I think we are doing our kids a disservice if we overprotect them – and we rob them of the opportunities to play, learn and grow up with self-confidence, and strong self-esteem earnt by exercising their own independence muscles. We need to teach, talk, nudge and encourage them to be independent and resilient.

See Sue’s Article

‘Cotton wool kids – so what’s making YOU paranoid?’


Danone and Me

I’ve been in Paris working as a Parenting Consultant around nutrition – I did a lot of work a couple of years ago around the topics of ‘Autonomy’ & ‘Independence’ for them that went out in Russia, Mexico & Brazil and I wrote over 50 articles for their website so I’m thrilled to be back involved in a new project – I love this sort of creative brainstorming working with global experts.







Here is one of my tips for Brushing Teeth! – check out more on my @SueAtkins18 instagram feed ?

If you’ve ever found yourself chasing ?‍♀️ your child up and down the landing, brandishing their toothbrush and pleading with them to brush their teeth, then you’re not alone. Kids not brushing teeth is a common problem!

A recent report revealed that almost half of all parents have to force children up to 11 years of age, to brush their teeth. 80% of those youngsters throw tantrums as they do so.

1 in 10 parents reported being so fed up and demoralised by the daily brush-time battle, that they end up giving in completely and send their children to bed without cleaning their teeth at all.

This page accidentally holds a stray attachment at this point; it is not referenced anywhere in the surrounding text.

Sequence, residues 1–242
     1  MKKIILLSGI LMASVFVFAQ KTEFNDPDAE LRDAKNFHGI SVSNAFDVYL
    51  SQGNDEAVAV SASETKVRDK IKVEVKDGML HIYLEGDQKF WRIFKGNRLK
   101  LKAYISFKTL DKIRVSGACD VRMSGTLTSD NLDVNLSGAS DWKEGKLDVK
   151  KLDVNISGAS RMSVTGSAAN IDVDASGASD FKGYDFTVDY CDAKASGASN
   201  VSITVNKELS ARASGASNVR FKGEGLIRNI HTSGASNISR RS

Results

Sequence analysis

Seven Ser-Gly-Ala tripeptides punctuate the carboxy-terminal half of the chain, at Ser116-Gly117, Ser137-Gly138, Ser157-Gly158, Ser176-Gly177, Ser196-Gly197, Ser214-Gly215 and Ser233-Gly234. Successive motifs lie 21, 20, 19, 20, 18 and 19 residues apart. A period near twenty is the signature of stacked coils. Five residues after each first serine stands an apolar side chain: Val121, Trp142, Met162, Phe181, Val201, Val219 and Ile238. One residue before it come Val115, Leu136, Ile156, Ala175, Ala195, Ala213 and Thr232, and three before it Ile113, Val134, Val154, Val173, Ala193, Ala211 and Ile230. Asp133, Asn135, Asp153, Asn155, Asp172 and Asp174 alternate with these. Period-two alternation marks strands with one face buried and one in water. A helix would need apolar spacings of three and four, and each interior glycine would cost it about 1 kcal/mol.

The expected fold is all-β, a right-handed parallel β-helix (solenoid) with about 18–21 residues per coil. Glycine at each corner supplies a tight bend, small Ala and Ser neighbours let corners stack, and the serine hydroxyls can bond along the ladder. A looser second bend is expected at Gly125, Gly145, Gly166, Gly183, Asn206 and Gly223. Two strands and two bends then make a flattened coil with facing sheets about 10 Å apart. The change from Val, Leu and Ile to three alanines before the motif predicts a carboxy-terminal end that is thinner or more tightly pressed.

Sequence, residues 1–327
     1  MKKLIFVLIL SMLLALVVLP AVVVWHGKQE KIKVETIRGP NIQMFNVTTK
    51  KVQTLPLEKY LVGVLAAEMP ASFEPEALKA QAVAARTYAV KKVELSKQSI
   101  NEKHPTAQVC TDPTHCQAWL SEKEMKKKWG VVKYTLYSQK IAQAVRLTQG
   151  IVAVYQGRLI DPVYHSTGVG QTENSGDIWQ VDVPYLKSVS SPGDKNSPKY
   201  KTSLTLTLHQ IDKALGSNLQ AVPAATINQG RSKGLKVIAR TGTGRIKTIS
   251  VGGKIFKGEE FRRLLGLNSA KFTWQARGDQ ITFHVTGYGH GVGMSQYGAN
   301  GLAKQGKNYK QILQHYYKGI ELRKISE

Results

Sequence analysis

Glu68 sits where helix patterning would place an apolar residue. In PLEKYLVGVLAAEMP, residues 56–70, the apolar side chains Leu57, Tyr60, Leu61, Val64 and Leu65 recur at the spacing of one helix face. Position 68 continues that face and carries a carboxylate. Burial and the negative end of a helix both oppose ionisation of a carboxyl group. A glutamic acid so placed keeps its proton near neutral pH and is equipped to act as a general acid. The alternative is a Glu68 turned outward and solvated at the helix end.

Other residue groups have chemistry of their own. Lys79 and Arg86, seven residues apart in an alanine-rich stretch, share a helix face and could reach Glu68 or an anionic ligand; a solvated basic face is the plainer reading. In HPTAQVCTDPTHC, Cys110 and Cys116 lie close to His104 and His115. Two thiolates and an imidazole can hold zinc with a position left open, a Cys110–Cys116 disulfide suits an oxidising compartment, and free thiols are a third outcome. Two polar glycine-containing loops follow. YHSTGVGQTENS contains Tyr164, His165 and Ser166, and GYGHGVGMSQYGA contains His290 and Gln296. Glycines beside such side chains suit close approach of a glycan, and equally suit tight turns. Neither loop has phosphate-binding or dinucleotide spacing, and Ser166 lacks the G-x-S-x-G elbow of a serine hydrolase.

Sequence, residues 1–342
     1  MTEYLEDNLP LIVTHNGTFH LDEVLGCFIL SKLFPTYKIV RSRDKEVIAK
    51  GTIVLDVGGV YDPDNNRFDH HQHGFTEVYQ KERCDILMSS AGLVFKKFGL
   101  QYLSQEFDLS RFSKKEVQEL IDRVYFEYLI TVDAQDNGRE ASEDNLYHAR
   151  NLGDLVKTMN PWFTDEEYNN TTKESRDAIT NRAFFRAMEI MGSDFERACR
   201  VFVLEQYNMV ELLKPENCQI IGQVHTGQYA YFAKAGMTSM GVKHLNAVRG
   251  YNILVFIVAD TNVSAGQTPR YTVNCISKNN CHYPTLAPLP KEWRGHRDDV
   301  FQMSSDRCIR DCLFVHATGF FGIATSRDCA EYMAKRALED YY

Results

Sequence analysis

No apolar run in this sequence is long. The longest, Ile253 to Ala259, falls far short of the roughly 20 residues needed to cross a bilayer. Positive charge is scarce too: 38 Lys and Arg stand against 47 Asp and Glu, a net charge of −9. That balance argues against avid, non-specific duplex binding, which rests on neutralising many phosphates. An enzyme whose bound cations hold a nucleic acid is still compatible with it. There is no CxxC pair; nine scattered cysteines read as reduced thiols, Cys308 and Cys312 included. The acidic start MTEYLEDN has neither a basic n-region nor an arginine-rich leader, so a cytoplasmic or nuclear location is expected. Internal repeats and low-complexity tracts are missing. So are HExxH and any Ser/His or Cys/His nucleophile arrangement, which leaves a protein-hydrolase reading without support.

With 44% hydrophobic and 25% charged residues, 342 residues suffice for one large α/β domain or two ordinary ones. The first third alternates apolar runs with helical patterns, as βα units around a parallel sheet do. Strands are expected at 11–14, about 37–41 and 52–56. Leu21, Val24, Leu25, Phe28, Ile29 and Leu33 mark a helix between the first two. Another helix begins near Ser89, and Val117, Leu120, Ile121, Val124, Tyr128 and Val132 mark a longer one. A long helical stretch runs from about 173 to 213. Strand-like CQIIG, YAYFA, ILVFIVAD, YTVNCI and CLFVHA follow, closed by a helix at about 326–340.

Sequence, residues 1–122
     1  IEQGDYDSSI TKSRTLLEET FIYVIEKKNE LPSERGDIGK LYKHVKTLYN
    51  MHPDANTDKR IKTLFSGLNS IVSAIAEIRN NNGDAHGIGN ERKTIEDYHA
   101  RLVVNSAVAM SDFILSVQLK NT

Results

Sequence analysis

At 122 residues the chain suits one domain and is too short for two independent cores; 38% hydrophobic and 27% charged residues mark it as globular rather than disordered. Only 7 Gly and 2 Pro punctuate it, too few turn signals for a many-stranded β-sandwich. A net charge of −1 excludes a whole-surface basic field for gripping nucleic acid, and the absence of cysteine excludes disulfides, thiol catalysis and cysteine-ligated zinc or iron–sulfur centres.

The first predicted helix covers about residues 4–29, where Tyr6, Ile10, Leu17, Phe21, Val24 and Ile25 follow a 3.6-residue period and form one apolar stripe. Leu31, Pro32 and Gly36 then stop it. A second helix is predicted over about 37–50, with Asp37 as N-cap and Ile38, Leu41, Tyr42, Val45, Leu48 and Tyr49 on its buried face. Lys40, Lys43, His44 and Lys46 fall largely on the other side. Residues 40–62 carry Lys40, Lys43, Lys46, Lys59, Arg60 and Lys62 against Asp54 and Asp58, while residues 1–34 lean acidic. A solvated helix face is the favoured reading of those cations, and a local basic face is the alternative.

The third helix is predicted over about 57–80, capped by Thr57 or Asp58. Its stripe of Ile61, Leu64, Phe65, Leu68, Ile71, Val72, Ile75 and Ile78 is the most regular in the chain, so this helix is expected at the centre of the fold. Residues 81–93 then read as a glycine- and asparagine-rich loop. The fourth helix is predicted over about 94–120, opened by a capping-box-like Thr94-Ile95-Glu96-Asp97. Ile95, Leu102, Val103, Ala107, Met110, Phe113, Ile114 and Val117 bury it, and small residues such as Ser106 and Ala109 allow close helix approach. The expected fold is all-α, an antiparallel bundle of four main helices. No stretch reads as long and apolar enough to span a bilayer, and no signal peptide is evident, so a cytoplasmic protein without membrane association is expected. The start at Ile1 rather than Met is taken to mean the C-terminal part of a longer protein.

But we do need to get them into good habits early so ….

Try this fun way to boogie while you brush!

Play ‘guess the song’

Stretch out brushing time by brushing your own teeth and, at the same time, hum or sing a song as you brush together.

Your child then has to guess which song it is. You swap roles and let them sing as they brush, while you guess.

Before you know it, more than the required two minutes will have flown by and you can rest assured your child has brushed thoroughly while being distracted by the game. ?

Take a look at my latest Mummy Diaries video about dental care here with Billie & Greg

Related product:

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Sue's Alternative to the 'Naughty Step' The ‘Easy Peasy – Lemon Squeezy Button’ is suitable for kids of all ages…

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Don’t Stew – Ask Sue Parenting Q & A

Q. Dear Sue I really need to find out how to teach my 2 year old to spit out toothpaste! She mimes spitting but ends up swallowing it all. Any suggestions? Emma Hart Milton Keynes

Hi Emma,

That’s very common! She’s very young ? If your baby or toddler does swallow some of this small amount of toothpaste, it’s okay. As long as you’re using the recommended amount of toothpaste, swallowing a little bit shouldn’t cause any problems. ?

The American Academy of Pediatrics recommends using a pea-sized amount of fluoride toothpaste for children ages 3 to 6. Although it should be avoided if possible, it’s safe for your child to swallow this pea-sized amount of fluoride toothpaste.

It’s around 5or 6 they can manage it. I think that’s why kids’ toothpaste is marketed as suitable for infants-6yrs old. It has less fluoride in it.

Hope that helps ?